Convincing benefits for suppliers and buyers
A lot of primary food producers try to sell part of their products directly to consumers and thereby circumvent other forms of trade. What has long been common practice for agricultural products is now becoming increasingly popular for fish and seafood, too. This marketing principle has advantages for both parties: the producers get better prices and the customers get optimal freshness.
When at around 4 p.m. the “petits bateaux” return to the port of Le Guilvinec on the French Atlantic coast and the fishermen unload their freshly caught fish or langoustines they are already eagerly awaited at the quayside by locals, restaurant operators and tourists. Fish that is not snapped up immediately can be seen shortly afterwards in one of the harbour fish shops, for example “La Marée du Jour”, where crowds of customers are also already waiting. Three and a half hours further north-east by car in Cancale a good half dozen colourful stalls have been set up next to the town’s beach. That is where local oyster farmers offer their specialities. It would be hard to get “creuses de Cancale” fresher, or for that matter at a lower price, than here. Fresh fish sales straight from the fishing boat are also popular along the German Baltic coast. Anyone who wants to buy freshly caught cod or herring directly from the fisherman in the harbour of Wismar has to be an early riser: the town’s remaining fishermen usually land their day’s catch around breakfast time. And a lot of German trout producers, too, sell their fish directly to their customers. This sales channel is in the meantime practically indispensable from an economic point of view. Almost all producers offer their products in farm shops or at weekly markets, both fresh and processed – mainly hot smoked. Some trout farmers even have their own snack stands or fish restaurants. Direct sales are more lucrative than supplying to wholesalers and retailers. And they enable even smaller enterprises with relatively low production volumes to stay in business.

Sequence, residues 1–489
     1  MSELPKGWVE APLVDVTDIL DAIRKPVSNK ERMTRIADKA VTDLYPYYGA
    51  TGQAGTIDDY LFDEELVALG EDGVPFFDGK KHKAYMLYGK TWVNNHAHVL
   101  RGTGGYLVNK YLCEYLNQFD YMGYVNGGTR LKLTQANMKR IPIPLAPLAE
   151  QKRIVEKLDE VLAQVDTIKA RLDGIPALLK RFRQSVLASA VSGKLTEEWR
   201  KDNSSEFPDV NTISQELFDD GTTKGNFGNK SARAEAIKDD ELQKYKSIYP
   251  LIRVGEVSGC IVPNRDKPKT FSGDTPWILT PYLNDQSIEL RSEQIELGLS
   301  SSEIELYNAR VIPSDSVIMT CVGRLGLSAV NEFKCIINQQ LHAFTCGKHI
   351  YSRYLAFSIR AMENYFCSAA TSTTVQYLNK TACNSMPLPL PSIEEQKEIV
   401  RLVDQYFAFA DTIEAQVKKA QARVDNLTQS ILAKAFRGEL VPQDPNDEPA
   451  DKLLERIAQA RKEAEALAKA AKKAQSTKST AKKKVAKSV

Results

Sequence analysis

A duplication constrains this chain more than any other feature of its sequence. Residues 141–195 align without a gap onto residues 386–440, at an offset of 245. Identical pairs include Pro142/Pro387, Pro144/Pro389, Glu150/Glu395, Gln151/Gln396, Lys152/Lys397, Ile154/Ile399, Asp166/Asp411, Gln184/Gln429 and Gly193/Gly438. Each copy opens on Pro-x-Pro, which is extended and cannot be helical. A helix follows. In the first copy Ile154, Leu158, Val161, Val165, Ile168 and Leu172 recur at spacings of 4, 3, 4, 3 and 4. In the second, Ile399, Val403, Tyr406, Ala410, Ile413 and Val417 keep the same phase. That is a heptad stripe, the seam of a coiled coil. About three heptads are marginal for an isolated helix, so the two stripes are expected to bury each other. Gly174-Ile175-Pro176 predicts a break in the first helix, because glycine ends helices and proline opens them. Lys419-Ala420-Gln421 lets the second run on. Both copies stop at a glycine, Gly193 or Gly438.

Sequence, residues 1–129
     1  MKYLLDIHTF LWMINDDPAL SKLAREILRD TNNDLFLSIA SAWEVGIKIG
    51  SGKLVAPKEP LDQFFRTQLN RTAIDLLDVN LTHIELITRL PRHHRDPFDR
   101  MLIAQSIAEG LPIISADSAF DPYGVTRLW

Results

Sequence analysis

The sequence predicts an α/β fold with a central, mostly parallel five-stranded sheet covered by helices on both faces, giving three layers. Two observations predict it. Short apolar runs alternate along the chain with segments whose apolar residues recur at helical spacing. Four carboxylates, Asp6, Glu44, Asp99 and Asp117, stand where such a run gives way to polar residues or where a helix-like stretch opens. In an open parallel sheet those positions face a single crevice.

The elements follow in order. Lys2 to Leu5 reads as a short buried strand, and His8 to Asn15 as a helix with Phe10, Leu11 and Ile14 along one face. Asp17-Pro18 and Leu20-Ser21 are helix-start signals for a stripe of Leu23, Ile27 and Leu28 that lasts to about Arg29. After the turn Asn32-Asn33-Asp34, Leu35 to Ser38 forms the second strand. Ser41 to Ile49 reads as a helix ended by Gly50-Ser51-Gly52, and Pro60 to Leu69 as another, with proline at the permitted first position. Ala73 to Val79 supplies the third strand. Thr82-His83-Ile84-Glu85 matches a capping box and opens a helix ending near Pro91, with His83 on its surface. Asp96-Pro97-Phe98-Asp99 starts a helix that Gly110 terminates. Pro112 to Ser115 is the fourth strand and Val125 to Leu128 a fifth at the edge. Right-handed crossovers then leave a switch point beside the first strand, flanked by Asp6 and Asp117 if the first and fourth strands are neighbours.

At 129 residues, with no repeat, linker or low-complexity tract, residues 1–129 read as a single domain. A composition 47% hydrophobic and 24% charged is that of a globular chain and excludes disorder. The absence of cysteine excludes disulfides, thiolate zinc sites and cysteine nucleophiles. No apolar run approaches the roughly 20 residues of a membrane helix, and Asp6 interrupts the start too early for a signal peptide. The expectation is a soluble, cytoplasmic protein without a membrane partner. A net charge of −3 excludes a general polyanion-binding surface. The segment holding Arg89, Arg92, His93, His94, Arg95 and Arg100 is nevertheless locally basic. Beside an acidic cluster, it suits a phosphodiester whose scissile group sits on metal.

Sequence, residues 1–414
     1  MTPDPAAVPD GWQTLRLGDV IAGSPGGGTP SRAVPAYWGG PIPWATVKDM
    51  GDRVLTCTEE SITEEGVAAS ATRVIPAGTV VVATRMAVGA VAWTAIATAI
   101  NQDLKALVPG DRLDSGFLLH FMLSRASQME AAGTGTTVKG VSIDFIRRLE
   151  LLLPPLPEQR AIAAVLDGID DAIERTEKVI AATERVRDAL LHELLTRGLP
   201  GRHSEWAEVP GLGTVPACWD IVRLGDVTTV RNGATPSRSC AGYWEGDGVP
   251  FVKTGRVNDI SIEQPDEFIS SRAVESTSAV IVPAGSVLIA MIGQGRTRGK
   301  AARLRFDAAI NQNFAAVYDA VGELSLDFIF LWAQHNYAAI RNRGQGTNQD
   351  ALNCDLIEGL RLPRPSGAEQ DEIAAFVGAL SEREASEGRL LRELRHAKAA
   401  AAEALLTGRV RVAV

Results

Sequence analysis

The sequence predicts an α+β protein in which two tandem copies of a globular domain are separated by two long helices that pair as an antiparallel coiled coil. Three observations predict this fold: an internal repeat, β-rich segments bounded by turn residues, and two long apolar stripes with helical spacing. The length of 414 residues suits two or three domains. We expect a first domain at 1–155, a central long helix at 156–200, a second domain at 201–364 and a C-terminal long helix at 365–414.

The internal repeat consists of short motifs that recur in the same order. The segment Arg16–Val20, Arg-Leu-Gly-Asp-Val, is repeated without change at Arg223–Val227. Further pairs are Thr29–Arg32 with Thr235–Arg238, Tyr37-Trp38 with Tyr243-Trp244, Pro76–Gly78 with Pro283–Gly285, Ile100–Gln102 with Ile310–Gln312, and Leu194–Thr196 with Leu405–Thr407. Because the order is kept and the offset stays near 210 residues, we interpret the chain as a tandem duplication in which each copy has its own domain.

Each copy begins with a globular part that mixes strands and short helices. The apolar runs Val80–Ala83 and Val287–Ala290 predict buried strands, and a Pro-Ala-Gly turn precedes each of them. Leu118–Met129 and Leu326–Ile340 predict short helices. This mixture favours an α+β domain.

There are various ways of carrying out direct sales: fresh fish can be sold from the fishing vessel, from a stall in the harbour, from a farm shop next to the fish pond, or at weekly markets, where many regional producers sell their products. Some producers even offer fish and seafood products on the internet. All these forms of direct sales have long been an integral part of the retail landscape and are greatly appreciated by consumers. Even longstanding supermarket customers who collect their weekly food requirements in a time-saving “one-stop-shopping” process gladly make use of this form of trade. Buying fish directly from the producer has the charm of something special, of authenticity, and often even a certain entertainment value, too. People who buy their fish from a fisherman or fish farmer can be sure that they are getting an absolutely fresh product and can at the same time enjoy the satisfying feeling that they have bought locally, seasonally, fairly and sustainably. An additional motive for many of them is probably the price benefit because fish purchased directly from the producer is usually less expensive that that bought at the service counter of the supermarket.
Direct sales increase company earnings
However, buying directly from the supplier sometimes demands a certain flexibility from the customer. Whereas when buying from a trout or carp farmer a customer can be pretty sure that they will actually get the fish they want, there are various imponderables when buying directly from a fisherman. For example, the desired fish might not be available at all. Seasonal factors, closed seasons or various unexpected circumstances can influence a fisherman’s daily catch, or wind and weather can even prevent him from putting out to sea at all. In many fishing locations it’s possible to gain information about the day’s offers via web portals. Immediately after the catch, but at the latest on the journey back to the port, the fisherman will inform potential customers in advance via SMS what he has caught that day. This advance information makes it easier for potential fish buyers to plan their menu besides increasing anticipation and preventing disappointments.